The Securities and Exchange Commission today proposed to provide relief for smaller reporting companies from a part of the Sarbanes-Oxley Act that requires firms to obtain an outside audit to asses their internal control over financial reporting. Under the proposal, firms with less than $100 million in revenue would be exempt from this requirement.
The proposal would not make changes to the law’s requirements for an independent audit committee, or for companies to establish, maintain and assess the effectiveness of their internal controls. SEC Chairman Jay Clayton noted that the proposal is aimed at reducing audit costs for small firms. “Many of these smaller companies—including biotech and health care companies—will be able to redirect the savings into growing their companies by investing in research and human capital,” he said.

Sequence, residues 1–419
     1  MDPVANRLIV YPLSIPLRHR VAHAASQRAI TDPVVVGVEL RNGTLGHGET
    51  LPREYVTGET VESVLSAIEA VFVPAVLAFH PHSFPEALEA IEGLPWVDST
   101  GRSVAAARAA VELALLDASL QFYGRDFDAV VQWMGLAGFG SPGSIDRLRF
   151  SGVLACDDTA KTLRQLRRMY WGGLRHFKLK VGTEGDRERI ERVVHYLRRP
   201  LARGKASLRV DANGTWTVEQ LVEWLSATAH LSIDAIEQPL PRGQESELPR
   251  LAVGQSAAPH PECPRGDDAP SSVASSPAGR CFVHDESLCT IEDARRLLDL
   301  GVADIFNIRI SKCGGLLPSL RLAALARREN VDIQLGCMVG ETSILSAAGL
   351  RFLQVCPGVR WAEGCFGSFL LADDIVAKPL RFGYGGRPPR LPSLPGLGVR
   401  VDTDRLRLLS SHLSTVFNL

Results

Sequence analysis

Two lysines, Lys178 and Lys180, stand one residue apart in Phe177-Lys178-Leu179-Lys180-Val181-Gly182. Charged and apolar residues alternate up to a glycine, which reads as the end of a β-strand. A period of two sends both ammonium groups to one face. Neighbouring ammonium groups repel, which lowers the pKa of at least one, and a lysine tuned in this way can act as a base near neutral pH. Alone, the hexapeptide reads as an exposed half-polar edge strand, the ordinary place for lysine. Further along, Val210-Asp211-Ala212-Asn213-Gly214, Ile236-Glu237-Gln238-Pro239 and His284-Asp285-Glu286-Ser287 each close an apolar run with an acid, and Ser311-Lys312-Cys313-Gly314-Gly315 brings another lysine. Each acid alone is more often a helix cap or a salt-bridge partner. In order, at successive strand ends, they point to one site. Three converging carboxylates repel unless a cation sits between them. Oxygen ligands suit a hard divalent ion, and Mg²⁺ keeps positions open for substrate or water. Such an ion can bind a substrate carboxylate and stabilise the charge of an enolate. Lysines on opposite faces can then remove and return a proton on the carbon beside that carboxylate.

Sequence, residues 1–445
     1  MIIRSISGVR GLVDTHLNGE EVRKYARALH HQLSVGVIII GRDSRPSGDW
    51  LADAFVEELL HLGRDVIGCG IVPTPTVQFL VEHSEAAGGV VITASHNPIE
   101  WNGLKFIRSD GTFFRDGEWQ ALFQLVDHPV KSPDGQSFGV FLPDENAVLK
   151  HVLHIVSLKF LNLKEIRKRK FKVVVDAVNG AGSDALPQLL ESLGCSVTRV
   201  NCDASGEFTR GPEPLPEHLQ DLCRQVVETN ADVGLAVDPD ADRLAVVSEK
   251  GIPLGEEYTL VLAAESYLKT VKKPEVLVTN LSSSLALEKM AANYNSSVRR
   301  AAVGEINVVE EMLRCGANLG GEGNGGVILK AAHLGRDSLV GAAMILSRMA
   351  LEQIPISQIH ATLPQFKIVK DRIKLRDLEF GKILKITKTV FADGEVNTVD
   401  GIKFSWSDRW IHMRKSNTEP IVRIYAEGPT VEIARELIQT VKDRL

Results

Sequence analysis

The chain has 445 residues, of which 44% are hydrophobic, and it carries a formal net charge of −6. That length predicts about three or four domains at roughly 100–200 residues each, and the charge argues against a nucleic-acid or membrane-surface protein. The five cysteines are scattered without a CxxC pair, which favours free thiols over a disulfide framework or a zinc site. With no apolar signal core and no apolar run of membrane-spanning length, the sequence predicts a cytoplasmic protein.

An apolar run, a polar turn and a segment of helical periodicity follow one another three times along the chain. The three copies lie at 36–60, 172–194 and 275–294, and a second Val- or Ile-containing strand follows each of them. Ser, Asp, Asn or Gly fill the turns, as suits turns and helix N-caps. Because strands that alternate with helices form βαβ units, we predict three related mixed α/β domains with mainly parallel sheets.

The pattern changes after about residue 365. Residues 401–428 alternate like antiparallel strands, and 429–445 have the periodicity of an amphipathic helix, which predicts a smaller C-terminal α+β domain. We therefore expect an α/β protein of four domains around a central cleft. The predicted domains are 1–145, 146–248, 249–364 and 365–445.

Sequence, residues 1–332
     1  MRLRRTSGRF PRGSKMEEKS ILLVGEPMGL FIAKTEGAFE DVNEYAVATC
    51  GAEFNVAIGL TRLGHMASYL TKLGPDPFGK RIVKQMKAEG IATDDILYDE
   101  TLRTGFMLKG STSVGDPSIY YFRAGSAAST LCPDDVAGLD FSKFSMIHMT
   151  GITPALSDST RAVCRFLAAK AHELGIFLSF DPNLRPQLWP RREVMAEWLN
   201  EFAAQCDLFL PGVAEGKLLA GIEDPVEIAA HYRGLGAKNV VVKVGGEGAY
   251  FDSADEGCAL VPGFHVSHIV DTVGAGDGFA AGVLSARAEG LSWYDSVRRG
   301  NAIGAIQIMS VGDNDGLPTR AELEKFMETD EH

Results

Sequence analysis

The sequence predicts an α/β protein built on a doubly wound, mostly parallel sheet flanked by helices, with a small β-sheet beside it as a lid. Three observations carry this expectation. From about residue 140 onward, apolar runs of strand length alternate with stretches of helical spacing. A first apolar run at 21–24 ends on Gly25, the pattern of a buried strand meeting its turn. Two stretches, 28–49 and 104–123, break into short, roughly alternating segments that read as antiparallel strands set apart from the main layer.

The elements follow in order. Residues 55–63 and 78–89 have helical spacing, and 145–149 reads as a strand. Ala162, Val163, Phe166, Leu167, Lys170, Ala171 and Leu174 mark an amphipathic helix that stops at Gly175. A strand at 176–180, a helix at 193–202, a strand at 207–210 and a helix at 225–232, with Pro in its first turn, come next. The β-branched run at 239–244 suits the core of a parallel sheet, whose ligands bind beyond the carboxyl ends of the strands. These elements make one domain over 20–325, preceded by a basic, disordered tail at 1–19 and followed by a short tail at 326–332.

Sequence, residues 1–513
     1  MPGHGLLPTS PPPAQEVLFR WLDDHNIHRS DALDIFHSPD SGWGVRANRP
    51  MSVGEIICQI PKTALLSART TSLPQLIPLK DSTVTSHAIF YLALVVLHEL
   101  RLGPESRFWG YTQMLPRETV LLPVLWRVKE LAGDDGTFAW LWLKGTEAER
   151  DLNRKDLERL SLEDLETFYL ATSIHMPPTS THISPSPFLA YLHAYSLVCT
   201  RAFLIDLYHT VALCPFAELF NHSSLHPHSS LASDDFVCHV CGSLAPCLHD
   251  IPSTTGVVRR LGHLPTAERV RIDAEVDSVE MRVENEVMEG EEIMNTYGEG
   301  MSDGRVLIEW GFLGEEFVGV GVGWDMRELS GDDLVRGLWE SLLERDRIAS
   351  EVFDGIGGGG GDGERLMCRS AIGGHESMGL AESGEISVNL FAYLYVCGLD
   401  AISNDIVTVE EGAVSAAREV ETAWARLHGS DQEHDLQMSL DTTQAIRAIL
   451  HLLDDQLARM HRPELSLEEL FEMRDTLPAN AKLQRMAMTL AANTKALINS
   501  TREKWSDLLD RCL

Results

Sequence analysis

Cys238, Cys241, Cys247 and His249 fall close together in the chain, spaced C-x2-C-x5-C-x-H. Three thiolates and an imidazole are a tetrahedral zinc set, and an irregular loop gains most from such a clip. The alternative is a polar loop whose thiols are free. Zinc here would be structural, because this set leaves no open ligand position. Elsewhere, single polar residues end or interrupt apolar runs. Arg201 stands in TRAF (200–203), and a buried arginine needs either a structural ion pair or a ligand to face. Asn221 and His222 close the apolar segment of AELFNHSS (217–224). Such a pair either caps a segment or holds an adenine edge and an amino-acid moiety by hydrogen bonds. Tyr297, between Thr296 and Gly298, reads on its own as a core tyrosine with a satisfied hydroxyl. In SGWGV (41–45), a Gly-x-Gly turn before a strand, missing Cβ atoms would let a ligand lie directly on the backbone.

Banks remain subject to FDICIA’s external audit requirements, however, which apply to institutions with more than $1 billion in assets. Accordingly, banks that may be exempt from the requirement under the SEC proposal could still have an obligation to conduct an external audit. Comments on the SEC proposal are due 60 days after publication in the Federal Register.